The stage is all set. You’ve been practicing for weeks to nail the songs that you’re going to perform in front of a live audience. Your friends and family can’t wait to hear what you’ve got lined up for them.
But wait! There’s a crucial step that anyone playing live needs to take before you can step on stage and wow everyone. As any experienced musician would tell you, a soundcheck is what makes - or breaks - how good you sound live.
So what exactly happens at a soundcheck? It’s important to remember that it is NOT a dress rehearsal for your show. It’s not for last-minute practice or run-throughs of songs that need work. Instead, it’s to adjust and fine-tune what the audience will be hearing during the actual show before it begins—the focus is on making sure that they receive the best possible sound quality from your instruments. It’s also crucial for the musicians themselves to be able to hear the rest of the band clearly. This is done through various steps such as altering the levels of each instrument on its own before seeing how it sounds in the mix and then setting up in-ear or floor monitors.
Say, for example, you show up to a soundcheck and the guitars sound distorted on the speakers for some reason. Or, the drums sound weak by themselves and need to be spruced up with some EQ and compression in order to pack a punch. All these things need to be fixed during the soundcheck with the intention of creating a well-balanced mix that brings the best out of your sound. Plus, since every venue is different in terms of the acoustics and speaker setup available, it becomes necessary to adjust accordingly.
Soundchecks can be very overwhelming, especially when there’s a lot of musicians involved, but there are a few things you can keep in mind before doing one to stay as relaxed as possible:
Firstly, ensure that all preparations in terms of practice and figuring out parts have been done before the show. That way, you don’t have to waste time on, say, running through a song that was neglected earlier and needs a lot of work at the last moment. What you can do instead is to try a few (fully prepared!) songs from your set during the soundcheck to see if they resemble what you heard while you were rehearsing.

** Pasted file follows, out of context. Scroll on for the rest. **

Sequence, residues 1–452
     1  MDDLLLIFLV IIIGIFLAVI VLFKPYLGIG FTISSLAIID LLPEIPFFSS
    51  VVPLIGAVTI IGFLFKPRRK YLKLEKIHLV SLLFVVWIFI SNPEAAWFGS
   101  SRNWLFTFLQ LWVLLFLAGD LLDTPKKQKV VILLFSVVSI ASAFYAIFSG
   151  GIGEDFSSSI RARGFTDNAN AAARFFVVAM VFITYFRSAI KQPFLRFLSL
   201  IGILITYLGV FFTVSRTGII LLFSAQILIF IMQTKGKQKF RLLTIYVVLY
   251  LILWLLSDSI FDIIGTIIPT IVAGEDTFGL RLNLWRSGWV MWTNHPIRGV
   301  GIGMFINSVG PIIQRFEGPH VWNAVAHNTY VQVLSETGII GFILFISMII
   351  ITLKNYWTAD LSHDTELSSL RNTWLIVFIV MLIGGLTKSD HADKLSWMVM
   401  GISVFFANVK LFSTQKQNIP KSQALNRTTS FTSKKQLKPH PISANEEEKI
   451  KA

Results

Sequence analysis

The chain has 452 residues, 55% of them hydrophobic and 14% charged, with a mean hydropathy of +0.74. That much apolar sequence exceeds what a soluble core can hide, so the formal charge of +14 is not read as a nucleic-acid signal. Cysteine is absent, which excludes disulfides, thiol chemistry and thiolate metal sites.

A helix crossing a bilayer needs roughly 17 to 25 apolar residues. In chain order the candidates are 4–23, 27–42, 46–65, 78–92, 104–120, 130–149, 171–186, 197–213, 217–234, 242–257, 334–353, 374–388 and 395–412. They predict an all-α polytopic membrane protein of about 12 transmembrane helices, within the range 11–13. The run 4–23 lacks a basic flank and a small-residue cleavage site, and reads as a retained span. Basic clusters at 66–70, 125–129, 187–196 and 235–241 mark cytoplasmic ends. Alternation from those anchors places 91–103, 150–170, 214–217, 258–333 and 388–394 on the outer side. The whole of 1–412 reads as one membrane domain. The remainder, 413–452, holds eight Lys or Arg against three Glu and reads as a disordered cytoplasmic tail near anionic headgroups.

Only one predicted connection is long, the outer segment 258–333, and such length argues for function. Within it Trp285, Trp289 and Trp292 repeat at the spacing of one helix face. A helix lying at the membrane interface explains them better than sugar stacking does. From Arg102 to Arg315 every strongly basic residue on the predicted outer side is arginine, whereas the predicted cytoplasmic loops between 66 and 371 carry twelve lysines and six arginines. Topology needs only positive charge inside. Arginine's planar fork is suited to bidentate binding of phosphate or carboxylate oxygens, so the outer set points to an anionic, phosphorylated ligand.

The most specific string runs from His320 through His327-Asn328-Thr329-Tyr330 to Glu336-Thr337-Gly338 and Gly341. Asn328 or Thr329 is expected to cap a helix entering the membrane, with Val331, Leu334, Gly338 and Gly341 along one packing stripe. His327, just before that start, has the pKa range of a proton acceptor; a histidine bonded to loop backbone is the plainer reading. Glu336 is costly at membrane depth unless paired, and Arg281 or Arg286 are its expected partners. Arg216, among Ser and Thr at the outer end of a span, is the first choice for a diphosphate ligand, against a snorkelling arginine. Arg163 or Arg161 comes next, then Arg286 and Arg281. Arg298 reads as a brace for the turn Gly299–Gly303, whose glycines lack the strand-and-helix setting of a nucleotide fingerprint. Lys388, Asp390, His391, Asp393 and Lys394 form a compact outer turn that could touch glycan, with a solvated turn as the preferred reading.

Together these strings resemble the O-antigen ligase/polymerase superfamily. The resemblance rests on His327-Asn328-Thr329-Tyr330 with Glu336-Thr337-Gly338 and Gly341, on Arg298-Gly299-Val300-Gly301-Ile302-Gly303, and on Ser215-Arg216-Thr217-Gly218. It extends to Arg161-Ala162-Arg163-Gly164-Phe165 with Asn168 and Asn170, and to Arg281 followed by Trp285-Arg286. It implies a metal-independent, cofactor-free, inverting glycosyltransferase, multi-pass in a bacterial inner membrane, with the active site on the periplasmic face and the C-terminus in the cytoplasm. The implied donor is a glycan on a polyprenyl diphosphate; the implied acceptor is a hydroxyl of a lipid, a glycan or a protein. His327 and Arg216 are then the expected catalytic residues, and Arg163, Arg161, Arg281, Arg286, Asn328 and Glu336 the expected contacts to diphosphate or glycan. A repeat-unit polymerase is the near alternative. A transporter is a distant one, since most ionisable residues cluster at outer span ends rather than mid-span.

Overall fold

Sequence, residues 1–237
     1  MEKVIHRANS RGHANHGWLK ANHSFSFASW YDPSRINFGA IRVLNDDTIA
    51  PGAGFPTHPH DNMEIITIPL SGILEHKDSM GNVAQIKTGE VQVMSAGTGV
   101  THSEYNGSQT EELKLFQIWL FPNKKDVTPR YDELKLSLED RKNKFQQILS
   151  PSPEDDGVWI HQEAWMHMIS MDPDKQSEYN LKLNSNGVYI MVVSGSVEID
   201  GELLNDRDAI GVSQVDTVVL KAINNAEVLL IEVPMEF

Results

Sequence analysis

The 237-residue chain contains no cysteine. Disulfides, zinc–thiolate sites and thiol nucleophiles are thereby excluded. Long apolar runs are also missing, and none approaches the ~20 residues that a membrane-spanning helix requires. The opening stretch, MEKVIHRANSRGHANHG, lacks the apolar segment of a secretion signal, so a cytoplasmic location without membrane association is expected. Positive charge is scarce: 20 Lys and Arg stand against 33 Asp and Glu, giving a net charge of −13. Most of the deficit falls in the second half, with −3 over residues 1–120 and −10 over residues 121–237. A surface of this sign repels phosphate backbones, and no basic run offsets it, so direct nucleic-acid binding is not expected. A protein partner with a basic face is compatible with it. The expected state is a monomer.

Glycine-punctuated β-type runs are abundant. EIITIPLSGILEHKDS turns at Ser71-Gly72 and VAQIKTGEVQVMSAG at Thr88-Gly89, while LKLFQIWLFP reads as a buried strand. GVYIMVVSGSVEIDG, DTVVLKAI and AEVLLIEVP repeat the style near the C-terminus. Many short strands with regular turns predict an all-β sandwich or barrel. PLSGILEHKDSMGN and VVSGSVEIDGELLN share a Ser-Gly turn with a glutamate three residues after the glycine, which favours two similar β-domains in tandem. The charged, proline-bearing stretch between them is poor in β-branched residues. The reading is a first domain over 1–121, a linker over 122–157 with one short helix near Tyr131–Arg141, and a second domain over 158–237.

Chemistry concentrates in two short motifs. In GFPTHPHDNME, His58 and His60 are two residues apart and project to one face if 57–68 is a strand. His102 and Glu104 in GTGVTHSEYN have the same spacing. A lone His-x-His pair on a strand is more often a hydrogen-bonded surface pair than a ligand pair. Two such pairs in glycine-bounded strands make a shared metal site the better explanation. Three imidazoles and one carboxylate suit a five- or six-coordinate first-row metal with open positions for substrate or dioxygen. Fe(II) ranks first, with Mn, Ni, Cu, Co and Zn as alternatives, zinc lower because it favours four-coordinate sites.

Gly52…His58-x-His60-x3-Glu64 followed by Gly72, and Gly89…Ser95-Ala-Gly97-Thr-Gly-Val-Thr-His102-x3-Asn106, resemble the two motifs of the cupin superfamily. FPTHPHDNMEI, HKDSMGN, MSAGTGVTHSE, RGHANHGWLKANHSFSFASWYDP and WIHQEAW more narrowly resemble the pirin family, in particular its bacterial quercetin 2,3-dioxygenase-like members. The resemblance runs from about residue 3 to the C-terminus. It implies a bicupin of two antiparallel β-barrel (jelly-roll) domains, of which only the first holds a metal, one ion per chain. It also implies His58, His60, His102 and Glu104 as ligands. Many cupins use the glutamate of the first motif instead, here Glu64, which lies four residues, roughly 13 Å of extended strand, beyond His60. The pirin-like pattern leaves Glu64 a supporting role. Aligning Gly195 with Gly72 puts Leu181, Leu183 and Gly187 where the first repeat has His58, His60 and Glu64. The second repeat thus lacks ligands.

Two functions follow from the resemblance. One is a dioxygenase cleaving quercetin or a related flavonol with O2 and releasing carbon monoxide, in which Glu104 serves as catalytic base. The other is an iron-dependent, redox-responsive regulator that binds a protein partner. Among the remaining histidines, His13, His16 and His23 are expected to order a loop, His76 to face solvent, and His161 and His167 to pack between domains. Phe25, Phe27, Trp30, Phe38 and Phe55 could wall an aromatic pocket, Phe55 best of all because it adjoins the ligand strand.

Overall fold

Preparations for soundcheck begin in the jam room itself. Knowing what kinds of tones you want out of your instruments, what kind of effects will be used during the show and having a clear idea of what you want your mix to sound like beforehand will all be super helpful when the day of the performance finally arrives. Remember - the main goal of a soundcheck is to ensure that the band gets the best chance to hear things the way they should to perform at their optimal best; and that the audience hears the material the way the band intends for them to. So it helps to start early and think about what your final mix should sound like from the very beginning.
Working with a mixing engineer who knows your setup and requirements well is also an extremely useful tool to have. Instead of starting from scratch every time, you can rely on the experience of someone who’s handled your act before to ensure a more seamless and efficient soundcheck. This is especially true with bands—the more moving parts there are in a musical act, the more difficult it becomes to balance every instrument and vocalist to create a great sounding mix live. That’s where the expertise of a dedicated sound engineer comes in. Think of this person as another band member - and once you’ve spent time working with one, you’ll understand that completely!
Lastly, don’t forget to have fun with the process! A good soundcheck can be one of the most rewarding and motivating experiences in live music, and will provide an excellent platform for you to go out there and direct all your focus on the performance itself without distractions.
If you ever have a live show coming up and need guidance with any aspect of the performance, Taaqademy is the ideal place to work with veteran musicians who have done countless soundchecks and know the process inside out. We wish you all the best for your live shows, and hope that his post will help you the next time you’re setting up for a performance!